Bring on the melted butter.
The cherished blue crabs of the Chesapeake Bay are on the rebound.
Jubilant Maryland and Virginia officials announced Wednesday that the estimated population had increased 60 percent over last year.
It's the first time since 1997 that levels are this high. Scientists figure 658 million of the luscious little crustaceans are scuttling about - or about to scuttle about, when the water warms - on the bay bottom.
The number remains far below the 852 million in 1993. But let's not get too crabby.
"Today, we can see firsthand what progress looks and feels like on the Chesapeake Bay," said Maryland Gov. Martin O'Malley, who appeared on the crab deck of a Kent County restaurant, the Fisherman's Inn.
He and others credit a brutal set of crabbing restrictions enacted in Maryland and Virginia to reduce the harvest 34 percent for the last two years.
When the restrictions started in 2008, the blue crab was suffering historic lows in spawning stock. The U.S. Department of Commerce declared the Chesapeake Bay crab fishery a federal disaster and $15 million in federal funds arrived for each state to bolster crabs and watermen.
Now, officials are saying the measures were as successful as they were politically contentious.
The latest numbers come from a bay-wide winter survey in which dredges collect crabs, still buried in the mud, at 1,500 sites in the bay. It was conducted by the Maryland Department of Natural Resources and the Virginia Institute of Marine Science.
Most years, crabbers harvest roughly 50 percent of the bay's crabs. Fifty-three percent is considered sustainable, but in seven of the years between 1998 and 2007, the harvest exceeded that.
The 2009 harvest has not yet been confirmed, but initial counts put it at 53.7 million pounds - or 43 percent of the bay's total crab population. That's below the target level of 46 percent.
The happy crab news couldn't come at a better time for Port Richmond tavern owner Frank Byrne, who just bought a bushel of blue crabs - not from the Chesapeake - for a chokingly high $225.
Byrne's Tavern has been around for 32 years come July, and at one time crabs were a specialty.
But they got so expensive that Byrne switched to promoting his wings. Or his 52 beers. Anything but the crabs, which he now weighs individually and sells for as much as $8 or $9 - per crab.
It's still too early for Maryland crabs, he said, so he's buying from Texas, Florida, and Mexico. "When you're desperate for crabs, you take 'em from wherever you can get 'em."
But he hopes he can get - and afford - Chesapeake crabs this summer. "Personally, the quality of the crab coming out of the Chesapeake is the best anywhere," he said.
Even as Byrne was all but firing up the steamer, 100 miles south in Rock Hall, Md., Chuckie White was readying his crab pots. When the bay water reaches 60 degrees - in a few weeks, maybe - he'll rev up his boat, Good Enough, and head out into the Chesapeake.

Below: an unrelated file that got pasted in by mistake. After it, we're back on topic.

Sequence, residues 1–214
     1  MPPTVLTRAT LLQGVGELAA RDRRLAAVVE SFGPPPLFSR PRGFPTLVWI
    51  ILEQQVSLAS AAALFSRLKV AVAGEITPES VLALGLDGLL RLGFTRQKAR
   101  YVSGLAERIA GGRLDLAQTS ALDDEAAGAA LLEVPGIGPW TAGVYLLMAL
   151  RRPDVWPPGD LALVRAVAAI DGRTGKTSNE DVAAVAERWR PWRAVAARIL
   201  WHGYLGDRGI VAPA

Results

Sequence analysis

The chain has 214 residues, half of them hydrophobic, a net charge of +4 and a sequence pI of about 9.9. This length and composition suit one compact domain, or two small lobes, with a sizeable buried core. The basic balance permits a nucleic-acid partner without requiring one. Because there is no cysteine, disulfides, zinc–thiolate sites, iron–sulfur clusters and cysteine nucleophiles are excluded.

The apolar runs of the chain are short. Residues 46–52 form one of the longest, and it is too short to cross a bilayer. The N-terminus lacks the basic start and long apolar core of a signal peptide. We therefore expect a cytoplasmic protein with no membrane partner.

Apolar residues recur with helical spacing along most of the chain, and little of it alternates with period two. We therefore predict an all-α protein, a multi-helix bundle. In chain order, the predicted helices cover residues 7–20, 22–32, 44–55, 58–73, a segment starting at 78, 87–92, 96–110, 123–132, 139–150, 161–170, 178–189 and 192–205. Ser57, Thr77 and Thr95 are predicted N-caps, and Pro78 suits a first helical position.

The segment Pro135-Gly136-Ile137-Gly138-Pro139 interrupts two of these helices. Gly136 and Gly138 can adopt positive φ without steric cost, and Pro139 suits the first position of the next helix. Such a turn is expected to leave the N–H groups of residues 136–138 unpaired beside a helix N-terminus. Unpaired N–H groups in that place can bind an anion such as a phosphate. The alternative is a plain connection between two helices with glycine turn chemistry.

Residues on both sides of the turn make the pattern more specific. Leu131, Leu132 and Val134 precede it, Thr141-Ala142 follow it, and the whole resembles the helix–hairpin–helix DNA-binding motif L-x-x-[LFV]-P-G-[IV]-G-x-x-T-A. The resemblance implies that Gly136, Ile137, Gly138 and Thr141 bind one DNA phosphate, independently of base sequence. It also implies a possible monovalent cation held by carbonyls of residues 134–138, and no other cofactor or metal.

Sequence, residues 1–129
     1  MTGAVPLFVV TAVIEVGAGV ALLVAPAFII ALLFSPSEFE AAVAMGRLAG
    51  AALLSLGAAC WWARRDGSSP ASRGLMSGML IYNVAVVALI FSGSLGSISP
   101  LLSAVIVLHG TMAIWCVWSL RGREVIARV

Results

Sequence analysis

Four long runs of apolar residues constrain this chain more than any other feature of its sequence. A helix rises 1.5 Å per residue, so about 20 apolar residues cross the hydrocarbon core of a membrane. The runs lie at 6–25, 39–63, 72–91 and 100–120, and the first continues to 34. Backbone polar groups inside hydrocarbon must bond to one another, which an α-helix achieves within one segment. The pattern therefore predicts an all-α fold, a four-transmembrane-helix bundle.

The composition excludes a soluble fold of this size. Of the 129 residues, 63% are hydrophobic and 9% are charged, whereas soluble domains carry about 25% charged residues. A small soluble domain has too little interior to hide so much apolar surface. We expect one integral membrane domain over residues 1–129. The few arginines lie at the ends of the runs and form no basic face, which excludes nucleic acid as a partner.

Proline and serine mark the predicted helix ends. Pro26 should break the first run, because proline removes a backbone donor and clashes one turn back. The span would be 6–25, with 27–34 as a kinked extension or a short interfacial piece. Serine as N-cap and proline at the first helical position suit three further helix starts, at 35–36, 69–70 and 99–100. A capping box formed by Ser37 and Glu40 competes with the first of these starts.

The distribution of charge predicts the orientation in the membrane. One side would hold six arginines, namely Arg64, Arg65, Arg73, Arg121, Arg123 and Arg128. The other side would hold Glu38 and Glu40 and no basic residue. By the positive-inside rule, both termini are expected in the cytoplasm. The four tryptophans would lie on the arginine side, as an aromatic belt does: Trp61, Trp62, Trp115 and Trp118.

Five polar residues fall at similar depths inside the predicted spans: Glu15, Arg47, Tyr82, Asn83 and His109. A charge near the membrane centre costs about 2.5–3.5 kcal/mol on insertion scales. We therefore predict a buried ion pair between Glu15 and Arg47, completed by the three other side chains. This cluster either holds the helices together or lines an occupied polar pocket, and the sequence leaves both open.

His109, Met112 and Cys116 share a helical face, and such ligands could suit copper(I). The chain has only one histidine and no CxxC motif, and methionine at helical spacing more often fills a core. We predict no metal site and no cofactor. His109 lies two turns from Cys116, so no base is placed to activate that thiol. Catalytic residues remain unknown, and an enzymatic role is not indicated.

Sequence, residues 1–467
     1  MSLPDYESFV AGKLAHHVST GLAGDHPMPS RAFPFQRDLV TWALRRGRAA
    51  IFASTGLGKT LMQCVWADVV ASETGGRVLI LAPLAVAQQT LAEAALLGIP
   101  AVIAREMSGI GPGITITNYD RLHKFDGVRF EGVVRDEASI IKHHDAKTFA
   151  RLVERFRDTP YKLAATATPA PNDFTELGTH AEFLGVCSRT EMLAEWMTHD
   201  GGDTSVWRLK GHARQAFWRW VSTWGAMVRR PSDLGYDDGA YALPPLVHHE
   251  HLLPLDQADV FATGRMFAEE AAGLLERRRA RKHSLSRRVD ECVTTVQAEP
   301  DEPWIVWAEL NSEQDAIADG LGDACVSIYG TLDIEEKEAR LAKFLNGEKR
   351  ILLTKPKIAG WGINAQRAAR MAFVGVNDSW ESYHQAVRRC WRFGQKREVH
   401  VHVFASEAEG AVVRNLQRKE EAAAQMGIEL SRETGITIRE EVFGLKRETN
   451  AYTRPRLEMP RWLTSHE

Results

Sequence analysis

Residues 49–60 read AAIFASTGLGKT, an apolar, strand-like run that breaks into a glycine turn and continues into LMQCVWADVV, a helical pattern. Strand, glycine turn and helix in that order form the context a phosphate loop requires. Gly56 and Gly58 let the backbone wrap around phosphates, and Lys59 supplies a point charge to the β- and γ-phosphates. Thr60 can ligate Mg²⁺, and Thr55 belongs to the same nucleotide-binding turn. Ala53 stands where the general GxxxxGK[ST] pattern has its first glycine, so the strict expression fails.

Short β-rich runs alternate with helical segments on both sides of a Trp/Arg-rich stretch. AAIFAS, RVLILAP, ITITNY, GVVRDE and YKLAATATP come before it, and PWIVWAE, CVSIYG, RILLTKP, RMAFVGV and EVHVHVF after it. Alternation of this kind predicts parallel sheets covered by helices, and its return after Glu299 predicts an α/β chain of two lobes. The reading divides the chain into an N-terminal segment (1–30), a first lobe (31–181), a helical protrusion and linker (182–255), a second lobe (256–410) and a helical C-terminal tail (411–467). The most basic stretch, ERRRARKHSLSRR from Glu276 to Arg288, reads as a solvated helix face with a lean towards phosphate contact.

He talked Wednesday to a crabber working farther south, near Cape Charles, Va., who was seeing a dramatic increase in crabs.
White, 51, started crabbing with his father when he was 10 or 12 and now is president of the Kent County Watermen's Association, which has about 200 members.
The last few years have been tougher than usual, he said. Watermen lost 15 percent to 40 percent of their income. They made ends meet by moonlighting with land jobs. The federal government also paid some to reclaim "ghost" crabbing gear - lost in storms or when lines were cut by propellers.
What was good about fishing up the lost gear was that watermen discovered that the pots were filled with baby soft clams, a sign that another industry once worth billions may also be rebounding.
Actually, White doubts that the restrictions were a critical factor for the crabs and would like to see them relaxed.
"I think the bay quality's getting a little bit better," he said. "I've seen it as far as the water being clearer. That tells you something."
Plus, the oyster harvest was up this year, he said. Rockfish were up. "I think everything's increasing a little bit."
On Delaware Bay, meanwhile, there's no boom, but no bust either. The crab population is "moderately abundant," said Desmond Kahn, a fisheries biologist with the Delaware Division of Fish and Wildlife. After a high period in the mid-1990s, where the peak harvest was 13.2 million pounds of crabs, harvests have stabilized at six to nine million pounds a year, he said.
Last week, the Chesapeake Bay Program, released its 2009 "Bay Barometer," a report card on bay health, and found some progress, even though it still rated the bay as being in poor condition.
Among the improvements were an increase in bay grasses, which filter the water. Water clarity improved as well, as did average stream health scores in the watershed. It showed that nitrogen coming down the Susquehanna River has dropped more than 50 percent since 1985.
The program also had its own measures showing that blue crabs were increasing.
Last year, according to the barometer, for the first time since 1993, the population of spawning-age crabs reached 223 million, exceeding the goal of 200 million.
But officials caution that two years does not make a trend. Or guarantee a recovery.
Virginia's secretary of natural resources, Doug Domenech, thanked the watermen for their "endurance," but Gov. Bob McDonnell urged continuing "along this path to ensure the bay's crab population returns to robustness and remains at that level."
Will Baker, president of the Chesapeake Bay Foundation, an advocacy and watchdog group, said that what works for crabs can also work for oysters.
"This is not the end of the problem of threatened bay species and a struggling bay seafood industry," he said. "But it is a sign that, managed the right way, the fisheries can respond and even flourish again."